DP World group chairman and chief executive Sultan Ahmed Bin Sulayem said “We are delighted to add the Unifeeder brand under the DP World umbrella, which supports our strategy to grow in complementary sectors, strengthen our product offering and play a wider role in the global supply chain as a trade enabler.”
Enrique Razon, ICTSI chairman
Under the guidance of Enrique Razon, ICTSI has moved from being a niche operator to a global mainstream one that also develops emerging markets. ICTSI has reported unaudited consolidated financial results for the first nine months of 2018, posting revenue from port operations of US$1Bn, an impressive increase of 10% on the same period last year. Highlights this year include that its joint venture container terminal project with PSA International in Buenaventura, Colombia, is ramping up container volumes, while volumes have grown on the back of the contribution of its new terminals in Lae and Motukea in Papua New Guinea and Melbourne, Australia.
Mario Cordero, Port of Long Beach executive director
Port of Long Beach executive director Mario Cordero is constantly pushing the envelope – he wants the port to be the leader in reduced truck turn time and extended gate hour and is taking sustainable development at the port to the next level. He said the goal was to have zero-emission trucks by 2035 and zero-emission cargo handling equipment by 2030. Under his lead, Long Beach has partnered with GE Transportation to launch a port information portal that will allow all those involved in the supply chain to have better planning capabilities to service ultra large container ships at the port more effectively.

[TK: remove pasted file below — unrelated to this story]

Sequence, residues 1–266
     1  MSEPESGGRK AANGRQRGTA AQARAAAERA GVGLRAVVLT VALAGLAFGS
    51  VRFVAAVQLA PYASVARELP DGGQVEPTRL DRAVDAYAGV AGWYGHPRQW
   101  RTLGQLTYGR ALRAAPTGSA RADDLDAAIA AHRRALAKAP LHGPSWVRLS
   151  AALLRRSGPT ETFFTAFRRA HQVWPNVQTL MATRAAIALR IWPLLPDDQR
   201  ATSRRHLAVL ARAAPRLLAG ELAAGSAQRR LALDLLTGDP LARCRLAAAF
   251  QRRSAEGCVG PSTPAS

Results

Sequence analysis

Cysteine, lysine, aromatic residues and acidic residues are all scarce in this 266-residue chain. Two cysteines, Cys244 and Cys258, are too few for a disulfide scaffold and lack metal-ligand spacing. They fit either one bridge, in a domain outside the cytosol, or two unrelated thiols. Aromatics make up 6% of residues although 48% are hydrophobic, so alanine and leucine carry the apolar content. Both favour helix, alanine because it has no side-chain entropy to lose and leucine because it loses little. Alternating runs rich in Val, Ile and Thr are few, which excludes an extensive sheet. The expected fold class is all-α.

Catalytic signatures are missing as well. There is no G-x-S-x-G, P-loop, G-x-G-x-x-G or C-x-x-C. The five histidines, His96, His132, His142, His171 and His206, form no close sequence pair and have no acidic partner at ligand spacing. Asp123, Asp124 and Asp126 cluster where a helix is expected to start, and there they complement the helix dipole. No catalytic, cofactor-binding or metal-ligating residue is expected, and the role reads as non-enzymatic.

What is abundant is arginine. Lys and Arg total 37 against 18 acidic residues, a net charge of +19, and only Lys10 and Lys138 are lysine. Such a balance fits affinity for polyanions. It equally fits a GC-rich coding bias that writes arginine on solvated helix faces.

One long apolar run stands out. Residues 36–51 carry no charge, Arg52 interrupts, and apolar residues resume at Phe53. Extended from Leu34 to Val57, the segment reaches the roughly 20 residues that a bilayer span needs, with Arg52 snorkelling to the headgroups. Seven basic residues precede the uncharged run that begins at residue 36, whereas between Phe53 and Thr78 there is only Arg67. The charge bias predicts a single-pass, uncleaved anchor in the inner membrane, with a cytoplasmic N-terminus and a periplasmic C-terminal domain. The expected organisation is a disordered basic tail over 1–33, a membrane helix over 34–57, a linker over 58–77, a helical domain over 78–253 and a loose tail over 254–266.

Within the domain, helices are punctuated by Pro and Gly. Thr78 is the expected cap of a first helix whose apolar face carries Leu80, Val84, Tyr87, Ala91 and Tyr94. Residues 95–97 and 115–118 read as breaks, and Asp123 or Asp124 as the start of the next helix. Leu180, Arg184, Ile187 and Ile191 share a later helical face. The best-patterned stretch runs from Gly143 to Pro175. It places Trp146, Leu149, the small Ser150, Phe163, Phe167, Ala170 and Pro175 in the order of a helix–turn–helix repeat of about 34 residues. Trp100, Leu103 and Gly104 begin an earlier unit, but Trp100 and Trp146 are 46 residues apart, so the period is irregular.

Knut Ørbeck-Nilssen, DNV GL maritime chief executive
The employment of digital processes has been wholeheartedly embraced by many classification societies, none more so than DNV GL, which has developed and enthusiastically pushed the use of electronic certificates.
Underpinning its services to the wider container shipping industry is DNV GL’s Veracity data platform, which it developed with Microsoft Azure. This uses emerging big data and predictive analysis technology, allowing carriers to integrate their data, assure its quality, secure it and offer controlled access to suppliers to run analytics.
Philippe Donche-Gay, Bureau Veritas president of marine & offshore
Bureau Veritas has been involved in a number of important initiatives this year, including heading some important LNG ‘firsts’ in the container ship industry. One of the most headline-grabbing is classing CMA CGM’s LNG-fuelled 22,000-TEU box ships. It also classed the world’s first conversion of a container ship to dual-fuel LNG – Wessels Reederei’s Wes Amelie.